Ali's book In the Blink of an Eye is out in paperback and e-book from Linen Press
Reviews on Amazon UK 

*Photo courtesy ASM Media and PR

Thursday, 21 March 2019

Why I still want to be a paperback writer... Katherine Roberts

In 1966, the Beatles famously sang about wanting to be a paperback writer. I was only four at the time so just starting to read and write, but I must have thought it sounded like a good idea because a few years later I started typing out my first science fiction 'novel' on blue and yellow paper. It was just about long enough to count as a novella, but I never sent it anywhere because the year I finished it I got a place at university to study mathematics. Probably just as well.

By 1987, I was programming computers (think huge mainframes filling whole rooms with massive tape reels you had to change halfway through running a program) and writing fiction secretly in my spare time. I completed another novel - a much longer one that became a fantasy trilogy. I sent it off to a publisher, and the now legendary editor John Jarrold wrote back with a personal note explaining why it was not quite right for them. I forgot about writing for a while, escaped computers at the end of the 80s (when half the department was made redundant), got married and ended up working with racehorses.

Song Quest
(Element Books)
Around 1992, I fell off a young horse into a hedge, had two weeks off work with an injury to my back, and decided I couldn't work with racehorses forever. I started writing again in my spare time, only this time not so secretly. I joined a local writers' group, and with their encouragement published several short stories in magazines. In 1999, after seven years of submitting manuscripts to publishers, I finally became a paperback writer with my debut novel Song Quest, which was released in paperback in 2000, when it won the inaugural Branford Boase Award for an outstanding debut book for young readers.

(Chicken House 2000)
More paperbacks followed, but eventually sales fell off as publishers started letting them go out of print. In 2010, amazon opened their KDP (then called the 'Digital Text Platform') to UK authors, and in 2011 I became an ebook writer with my second novel Spellfall, which had been my bestseller in paperback. More out-of-print books followed, until I had my whole backlist available in ebook format.

For a couple of years, ebooks were hot - or cool, depending on your point of view. People read Kindles instead of paperbacks on the train but the mainstream publishers were over-pricing their digital editions (apparently afraid of losing paperback sales), and as a result reasonably-priced indie ebooks pretty much sold themselves. I'm not a big name by any means, but in 2014 my earnings were almost $1,000 from US ebook sales alone, and the UK and European digital markets were catching up fast.

It couldn't last. My share of the ebook market shrank over the years to around half of this, despite working on better covers and pushing the books out more widely across the other digital platforms... it seems people still want to be paperback readers! Finally, in 2016, I got around to tackling print-on-demand editions for my backlist titles, which I uploaded at Createspace (now part of amazon) and put into extended distribution. This means you should be able to order a copy from wherever you want, just like any other paperback that isn't on the shelf of your local bookstore, and the book will be printed and posted to you, literally hot off the press. Although my ebook sales have dropped off, paperbacks happily seem to have picked up the slack. In 2018, for the first time, my indie paperback income in the US exceeded my ebook income by a fair margin, and the total comes to more than the original $1,000 I earned from my indie ebooks in the early days.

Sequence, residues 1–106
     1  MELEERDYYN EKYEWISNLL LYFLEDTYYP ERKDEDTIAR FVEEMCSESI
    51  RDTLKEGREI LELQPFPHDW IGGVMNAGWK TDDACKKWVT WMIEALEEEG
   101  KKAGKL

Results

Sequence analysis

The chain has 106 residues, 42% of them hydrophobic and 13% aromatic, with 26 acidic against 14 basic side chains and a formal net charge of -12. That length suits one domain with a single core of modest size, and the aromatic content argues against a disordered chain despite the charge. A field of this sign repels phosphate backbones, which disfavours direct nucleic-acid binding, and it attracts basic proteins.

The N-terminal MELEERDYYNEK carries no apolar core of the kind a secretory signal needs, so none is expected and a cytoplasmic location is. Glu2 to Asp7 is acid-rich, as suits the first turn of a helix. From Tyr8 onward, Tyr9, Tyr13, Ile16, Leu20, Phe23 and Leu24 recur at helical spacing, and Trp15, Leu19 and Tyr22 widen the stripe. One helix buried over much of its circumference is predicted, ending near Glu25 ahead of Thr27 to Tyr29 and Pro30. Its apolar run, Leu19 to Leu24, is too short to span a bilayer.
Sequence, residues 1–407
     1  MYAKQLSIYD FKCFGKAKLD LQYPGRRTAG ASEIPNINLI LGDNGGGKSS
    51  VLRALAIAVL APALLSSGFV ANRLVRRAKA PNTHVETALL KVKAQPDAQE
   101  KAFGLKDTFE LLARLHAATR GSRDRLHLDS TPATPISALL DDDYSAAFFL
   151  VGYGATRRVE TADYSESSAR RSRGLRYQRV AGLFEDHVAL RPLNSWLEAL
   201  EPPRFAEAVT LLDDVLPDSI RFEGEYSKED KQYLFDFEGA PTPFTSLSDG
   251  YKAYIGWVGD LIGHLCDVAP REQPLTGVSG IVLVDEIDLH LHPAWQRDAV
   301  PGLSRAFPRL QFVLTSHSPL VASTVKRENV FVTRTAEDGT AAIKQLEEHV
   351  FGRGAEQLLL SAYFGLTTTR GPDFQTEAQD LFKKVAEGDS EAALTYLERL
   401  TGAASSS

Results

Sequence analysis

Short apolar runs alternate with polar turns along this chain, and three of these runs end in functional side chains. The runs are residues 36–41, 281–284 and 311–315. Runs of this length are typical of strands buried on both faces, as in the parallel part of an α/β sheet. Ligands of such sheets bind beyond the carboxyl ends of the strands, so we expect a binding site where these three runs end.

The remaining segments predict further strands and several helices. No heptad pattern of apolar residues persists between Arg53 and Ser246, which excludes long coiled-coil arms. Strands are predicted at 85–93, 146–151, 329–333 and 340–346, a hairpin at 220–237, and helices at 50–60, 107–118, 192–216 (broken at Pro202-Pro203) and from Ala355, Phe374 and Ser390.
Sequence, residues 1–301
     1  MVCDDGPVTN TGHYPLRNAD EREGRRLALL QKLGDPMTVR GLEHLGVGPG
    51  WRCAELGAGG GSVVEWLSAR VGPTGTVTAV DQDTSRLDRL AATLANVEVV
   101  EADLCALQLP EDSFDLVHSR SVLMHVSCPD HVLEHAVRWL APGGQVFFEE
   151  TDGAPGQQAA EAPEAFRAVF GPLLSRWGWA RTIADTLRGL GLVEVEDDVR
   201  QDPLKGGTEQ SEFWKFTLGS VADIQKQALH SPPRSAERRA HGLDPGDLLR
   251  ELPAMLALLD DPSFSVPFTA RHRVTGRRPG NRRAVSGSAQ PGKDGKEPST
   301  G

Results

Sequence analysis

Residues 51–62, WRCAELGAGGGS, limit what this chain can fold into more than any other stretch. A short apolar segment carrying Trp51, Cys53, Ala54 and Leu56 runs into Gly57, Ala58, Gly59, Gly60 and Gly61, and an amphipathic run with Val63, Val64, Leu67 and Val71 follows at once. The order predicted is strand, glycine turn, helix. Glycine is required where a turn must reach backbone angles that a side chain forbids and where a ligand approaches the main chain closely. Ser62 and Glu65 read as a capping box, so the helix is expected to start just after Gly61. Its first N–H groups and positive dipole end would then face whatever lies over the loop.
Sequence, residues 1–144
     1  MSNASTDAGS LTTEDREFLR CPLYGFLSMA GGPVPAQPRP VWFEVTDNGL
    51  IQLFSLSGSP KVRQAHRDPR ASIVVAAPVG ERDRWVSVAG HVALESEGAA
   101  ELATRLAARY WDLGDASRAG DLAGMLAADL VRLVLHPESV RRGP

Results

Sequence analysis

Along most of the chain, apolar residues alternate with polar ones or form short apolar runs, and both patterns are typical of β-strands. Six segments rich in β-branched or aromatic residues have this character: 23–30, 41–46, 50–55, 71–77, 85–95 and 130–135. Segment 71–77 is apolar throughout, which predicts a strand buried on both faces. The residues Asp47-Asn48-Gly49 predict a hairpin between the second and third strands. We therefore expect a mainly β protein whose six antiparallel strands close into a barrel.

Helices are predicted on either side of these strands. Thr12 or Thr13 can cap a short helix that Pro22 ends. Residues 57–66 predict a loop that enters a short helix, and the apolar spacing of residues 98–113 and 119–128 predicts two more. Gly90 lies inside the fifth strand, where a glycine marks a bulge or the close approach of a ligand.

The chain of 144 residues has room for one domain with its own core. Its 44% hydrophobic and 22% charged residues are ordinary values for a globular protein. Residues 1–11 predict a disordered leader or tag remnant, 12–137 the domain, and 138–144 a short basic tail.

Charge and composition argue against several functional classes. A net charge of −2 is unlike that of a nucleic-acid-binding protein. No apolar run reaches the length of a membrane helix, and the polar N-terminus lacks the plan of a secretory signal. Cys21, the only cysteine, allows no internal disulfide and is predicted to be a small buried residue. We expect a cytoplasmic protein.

Which brings us full circle. It's now 2019, and I'm a paperback writer again! Here is the current (print on demand) edition of my debut novel Song Quest.

SONG QUEST (paperback)

So if, like me, you write for younger readers and some of your books have gone out of print at their publishers, then I hope this will encourage you to get them back out there as print on demand. Paperbacks are easier than before via amazon's KDP, and one day you might just find they start selling themselves... and then you'll be a proper Beatles-style paperback writer!


Katherine Roberts writes fantasy and historical fiction for young (and older) readers. Find out more at her website

Wednesday, 20 March 2019

The Joys of Football and Shipping by Sandra Horn

Before my next brother was born and we were allotted a prefab, we lived with my mother’s family in an old stone-built house with three stories and a basement. It’s still there, now called Wealden College, a centre for psychotherapies. At the time we lived there, the family comprised my Great-grandparents, grandparents, parents, and my mother’s siblings; three aunties and four uncles.  After the birth of my brother we still went to the old house every day. It was a magnet for all its nestlings, long after they’d flown to places of their own and it was near the local primary school so all the children had their mid-day meals at Nan’s and were collected from there after school. There were too many of us to eat at the table at weekends, so the children sat along the big old sofa in the window bay to have their fish and chips (from the shop across the road). Toast was made over the open fire, with long brass forks. White bread from the local baker – we were lucky if we managed to brown most of it, in between the burnt and raw bits. Delicious, and dripping with butter!